4. davidbeem says:

    Great post Derek! Took me down memory lane for a few groups I’ve played in over the years. Of course, in the classical world you don’t get a lot of “I love Mozart, but not Beethoven” issues. But the artistic temperament issues are just as explosive. Traveling together, sharing hotels and flights, rental cars, not to mention rehearsing together six to eight hours a day is just as much of a pressure-cooker in string quartets as rock ‘n’ roll bands. I’m sure we could trade some pretty great stories. You wouldn’t believe some of mine. 😉

  5. Louise says:

    You got to set this up as a regular post – your rock dreams and the many twists and turns along d way!

  6. Catie Rhodes says:

    I always wanted to learn to play guitar, but I never did. Despite however nerdy it is, “Summer of ’69” is one of my favorite songs. I also liked “Summer of Love” by Jefferson Airplane/Starship/Whatever.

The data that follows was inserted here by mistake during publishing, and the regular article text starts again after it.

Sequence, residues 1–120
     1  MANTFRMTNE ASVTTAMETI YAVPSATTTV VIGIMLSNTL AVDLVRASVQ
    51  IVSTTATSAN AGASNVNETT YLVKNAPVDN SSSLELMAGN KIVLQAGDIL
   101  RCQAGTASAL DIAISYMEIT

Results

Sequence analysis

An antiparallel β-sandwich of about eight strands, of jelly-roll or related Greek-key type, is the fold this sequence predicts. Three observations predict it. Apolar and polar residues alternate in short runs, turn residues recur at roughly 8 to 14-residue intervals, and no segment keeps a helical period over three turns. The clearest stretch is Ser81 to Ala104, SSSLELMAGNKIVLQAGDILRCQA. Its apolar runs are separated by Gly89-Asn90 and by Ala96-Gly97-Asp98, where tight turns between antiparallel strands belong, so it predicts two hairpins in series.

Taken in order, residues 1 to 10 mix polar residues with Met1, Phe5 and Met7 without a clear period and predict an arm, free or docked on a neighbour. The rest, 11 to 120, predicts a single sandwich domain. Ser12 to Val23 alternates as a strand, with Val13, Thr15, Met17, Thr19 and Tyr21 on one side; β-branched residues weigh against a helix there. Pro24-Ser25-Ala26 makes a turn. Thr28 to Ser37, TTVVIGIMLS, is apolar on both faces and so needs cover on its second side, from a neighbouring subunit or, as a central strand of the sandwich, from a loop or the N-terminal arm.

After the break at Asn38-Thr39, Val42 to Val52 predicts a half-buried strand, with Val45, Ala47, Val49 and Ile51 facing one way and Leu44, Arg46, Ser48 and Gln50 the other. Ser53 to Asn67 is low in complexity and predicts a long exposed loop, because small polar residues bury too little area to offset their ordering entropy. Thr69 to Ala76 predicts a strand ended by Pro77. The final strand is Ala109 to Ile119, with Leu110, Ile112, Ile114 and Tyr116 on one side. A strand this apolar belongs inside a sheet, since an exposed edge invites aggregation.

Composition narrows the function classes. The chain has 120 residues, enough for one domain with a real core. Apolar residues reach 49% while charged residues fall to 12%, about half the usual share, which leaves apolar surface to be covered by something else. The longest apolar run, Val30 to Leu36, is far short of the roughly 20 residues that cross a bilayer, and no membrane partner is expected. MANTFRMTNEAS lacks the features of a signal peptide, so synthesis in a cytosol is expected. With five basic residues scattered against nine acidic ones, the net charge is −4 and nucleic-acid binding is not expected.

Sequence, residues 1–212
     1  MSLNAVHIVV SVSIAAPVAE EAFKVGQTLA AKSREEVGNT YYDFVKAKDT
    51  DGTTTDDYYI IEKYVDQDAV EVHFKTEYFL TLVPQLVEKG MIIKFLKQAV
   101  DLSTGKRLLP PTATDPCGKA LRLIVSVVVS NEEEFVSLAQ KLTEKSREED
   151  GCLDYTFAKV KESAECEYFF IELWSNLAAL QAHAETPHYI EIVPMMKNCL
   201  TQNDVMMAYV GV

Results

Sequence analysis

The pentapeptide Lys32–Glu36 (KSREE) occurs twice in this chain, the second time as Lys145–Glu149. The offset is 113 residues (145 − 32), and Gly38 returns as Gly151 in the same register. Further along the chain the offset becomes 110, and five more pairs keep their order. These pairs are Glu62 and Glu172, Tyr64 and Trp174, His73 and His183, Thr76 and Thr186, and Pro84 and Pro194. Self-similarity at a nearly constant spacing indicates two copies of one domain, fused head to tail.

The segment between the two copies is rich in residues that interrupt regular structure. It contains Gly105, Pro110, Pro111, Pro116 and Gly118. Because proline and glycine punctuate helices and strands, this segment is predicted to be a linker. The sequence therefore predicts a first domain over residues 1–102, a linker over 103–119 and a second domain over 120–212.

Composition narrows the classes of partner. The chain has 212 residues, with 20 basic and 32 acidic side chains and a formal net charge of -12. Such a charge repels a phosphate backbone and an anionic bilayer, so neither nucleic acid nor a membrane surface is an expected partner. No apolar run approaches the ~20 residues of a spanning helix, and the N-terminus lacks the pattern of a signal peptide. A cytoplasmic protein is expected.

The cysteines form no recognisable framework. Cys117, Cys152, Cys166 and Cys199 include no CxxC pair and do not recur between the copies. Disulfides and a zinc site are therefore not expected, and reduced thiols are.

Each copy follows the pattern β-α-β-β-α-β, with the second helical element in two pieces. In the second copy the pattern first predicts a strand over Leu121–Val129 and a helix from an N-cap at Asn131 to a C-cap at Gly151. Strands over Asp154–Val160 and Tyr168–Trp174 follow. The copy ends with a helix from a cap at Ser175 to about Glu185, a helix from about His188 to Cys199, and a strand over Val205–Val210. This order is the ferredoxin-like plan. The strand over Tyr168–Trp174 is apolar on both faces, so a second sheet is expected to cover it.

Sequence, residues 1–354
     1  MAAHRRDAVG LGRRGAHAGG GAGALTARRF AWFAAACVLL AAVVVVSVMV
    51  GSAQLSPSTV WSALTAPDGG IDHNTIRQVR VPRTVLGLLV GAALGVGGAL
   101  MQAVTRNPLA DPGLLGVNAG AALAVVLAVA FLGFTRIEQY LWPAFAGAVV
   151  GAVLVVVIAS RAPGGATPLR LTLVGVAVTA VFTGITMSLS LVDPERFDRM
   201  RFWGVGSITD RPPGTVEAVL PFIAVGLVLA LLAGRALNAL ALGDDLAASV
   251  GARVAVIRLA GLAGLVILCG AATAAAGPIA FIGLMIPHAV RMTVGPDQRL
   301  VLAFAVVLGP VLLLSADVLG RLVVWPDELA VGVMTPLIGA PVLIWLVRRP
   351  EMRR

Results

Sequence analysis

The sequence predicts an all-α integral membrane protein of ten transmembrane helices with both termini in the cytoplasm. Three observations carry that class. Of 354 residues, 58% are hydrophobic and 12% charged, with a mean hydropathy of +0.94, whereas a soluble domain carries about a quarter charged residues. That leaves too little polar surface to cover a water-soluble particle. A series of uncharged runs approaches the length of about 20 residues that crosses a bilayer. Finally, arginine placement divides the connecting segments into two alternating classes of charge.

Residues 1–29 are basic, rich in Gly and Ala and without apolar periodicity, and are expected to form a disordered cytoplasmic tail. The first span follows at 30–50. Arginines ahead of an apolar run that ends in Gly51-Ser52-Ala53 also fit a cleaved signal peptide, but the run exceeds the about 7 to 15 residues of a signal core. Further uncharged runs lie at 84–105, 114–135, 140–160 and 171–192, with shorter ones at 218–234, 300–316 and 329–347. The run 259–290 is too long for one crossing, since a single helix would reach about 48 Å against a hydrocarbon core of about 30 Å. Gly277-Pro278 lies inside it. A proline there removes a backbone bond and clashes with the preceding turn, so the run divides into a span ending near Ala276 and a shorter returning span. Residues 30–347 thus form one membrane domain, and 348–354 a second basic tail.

7. It always amazes me that people lump rock music in with rock & roll, a genre from the 1950s and very early 1960s typified by Buddy Holly, Rick Nelson and Elvis Presley – and bearing almost no resemblance to the rock music introduced by the Beatles and those who followed.

  8. sandy says:

    I imagine you went to that first rehearsal thinking, “This is going to be SO cool!!!” Adjusting our dreams to reality is why the summers don’t last forever anymore. Somehow, though, the best part of those dreams stay with us; thanks for reminding me! This made me laugh and warmed my heart. Question… have you kept in touch with those mates? Is the angry bass player an accountant now? 🙂

  9. Junying Kirk says:

    Interesting story about your first band, Derek. Even I know Summer of 69 and I used to love Bryan Adams, not cool, I know, but now my music tastes have moved on. It must be the age thing :). Thanks for sharing! Are you in a band now?

  10. ‘Summer of 69’ still rocks!